Lawrence explains that his own trauma and recovery gave him an edge: he is able to understand what clients are going through more intimately, and can demonstrate to them that he’s been through trauma of his own. This places him in a unique position to help them recover from their own experiences.

“I want [clients] to know that I’ve been in dark spots too, that it’s okay, and that we can move forward together.”

For Lawrence, it’s all about community. Being around people who have suffered through dark times reminds him of how far he has come, and allows him to fulfill his life’s purpose. Even though he no longer works with us, Lawrence remains strongly attached to DECSA and the community we serve.

“I’m a big fan of DECSA. I could not have found my mission and purpose in life without them. DECSA is a place I can call home.”

Entrepreneurship & Disability: An Optimal Pair

In honour of Small Business Week, we’re focusing on entrepreneurship. Small businesses are the backbone of a community. They stimulate economic growth, create jobs, and allow for creativity and innovation. Economies and societies thrive when entrepreneurship flourishes.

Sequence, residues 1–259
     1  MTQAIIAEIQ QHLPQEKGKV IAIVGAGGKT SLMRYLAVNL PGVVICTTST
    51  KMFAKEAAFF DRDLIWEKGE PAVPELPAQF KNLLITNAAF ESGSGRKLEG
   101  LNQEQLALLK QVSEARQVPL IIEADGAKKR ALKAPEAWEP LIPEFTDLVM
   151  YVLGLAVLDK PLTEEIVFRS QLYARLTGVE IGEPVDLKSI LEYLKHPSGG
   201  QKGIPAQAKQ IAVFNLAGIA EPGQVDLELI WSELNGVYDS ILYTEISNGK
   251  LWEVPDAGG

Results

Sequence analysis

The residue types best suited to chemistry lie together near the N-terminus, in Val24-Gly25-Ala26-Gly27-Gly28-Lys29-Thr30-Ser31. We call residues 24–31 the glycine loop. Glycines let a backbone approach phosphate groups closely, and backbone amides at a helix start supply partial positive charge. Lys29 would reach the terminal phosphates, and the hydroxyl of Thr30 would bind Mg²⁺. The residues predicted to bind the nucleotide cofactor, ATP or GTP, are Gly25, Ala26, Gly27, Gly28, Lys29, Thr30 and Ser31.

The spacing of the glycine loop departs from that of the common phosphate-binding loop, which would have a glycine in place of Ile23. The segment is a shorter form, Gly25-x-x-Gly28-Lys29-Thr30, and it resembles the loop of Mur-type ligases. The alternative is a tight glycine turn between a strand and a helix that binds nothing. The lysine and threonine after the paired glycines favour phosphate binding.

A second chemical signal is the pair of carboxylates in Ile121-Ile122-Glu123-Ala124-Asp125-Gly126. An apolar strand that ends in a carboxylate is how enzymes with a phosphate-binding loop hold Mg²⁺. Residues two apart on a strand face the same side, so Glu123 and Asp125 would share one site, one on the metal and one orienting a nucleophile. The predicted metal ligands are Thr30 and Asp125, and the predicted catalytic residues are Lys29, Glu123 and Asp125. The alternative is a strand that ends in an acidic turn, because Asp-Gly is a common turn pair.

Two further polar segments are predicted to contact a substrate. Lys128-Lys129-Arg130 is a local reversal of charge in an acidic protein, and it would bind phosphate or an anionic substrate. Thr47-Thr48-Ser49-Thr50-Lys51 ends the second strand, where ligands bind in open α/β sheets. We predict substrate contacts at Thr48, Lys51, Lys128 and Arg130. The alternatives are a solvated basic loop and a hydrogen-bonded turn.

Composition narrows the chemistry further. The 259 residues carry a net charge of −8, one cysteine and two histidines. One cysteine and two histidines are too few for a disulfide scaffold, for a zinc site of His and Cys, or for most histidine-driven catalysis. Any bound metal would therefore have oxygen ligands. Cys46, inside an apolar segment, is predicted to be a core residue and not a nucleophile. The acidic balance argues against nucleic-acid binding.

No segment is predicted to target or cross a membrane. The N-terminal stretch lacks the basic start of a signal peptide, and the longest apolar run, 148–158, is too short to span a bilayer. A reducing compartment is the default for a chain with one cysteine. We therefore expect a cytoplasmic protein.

Small business owners are living proof that self-employment can be fulfilling and liberating. Many would-be entrepreneurs are intimidated by the obvious barriers: lack of funding, support, and/or expertise. Despite their inner drive to create something new, to branch out, to be brave, taking the first step is daunting enough to deter all but the most determined.

Still, regular employment comes with its own share of barriers. Those with disabilities, including mental health issues, face distinct barriers to employment, which are often overlooked. Disability doesn’t prevent these individuals from being efficient, productive employees, but employers may be unwilling or unable to accommodate their specific needs. Discriminatory hiring practices—not to mention inhospitable work environments—can make self-employment more attractive.

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A trendy small business option is starting a food truck.

Entrepreneurship Demands Innovation

Dealing with these types of barriers can actually benefit an aspiring business owner. The essence of entrepreneurship lies in an innovative spirit and a unique worldview. Those facing barriers to regular employment may be more receptive to out-of-the-box thinking by default, because their various challenges require them to find creative solutions to everyday situations. A person with a disability already lives a life that requires different approaches to ordinary activities, so thinking outside the box may come more naturally to them.

Entrepreneurship Encourages Flexibility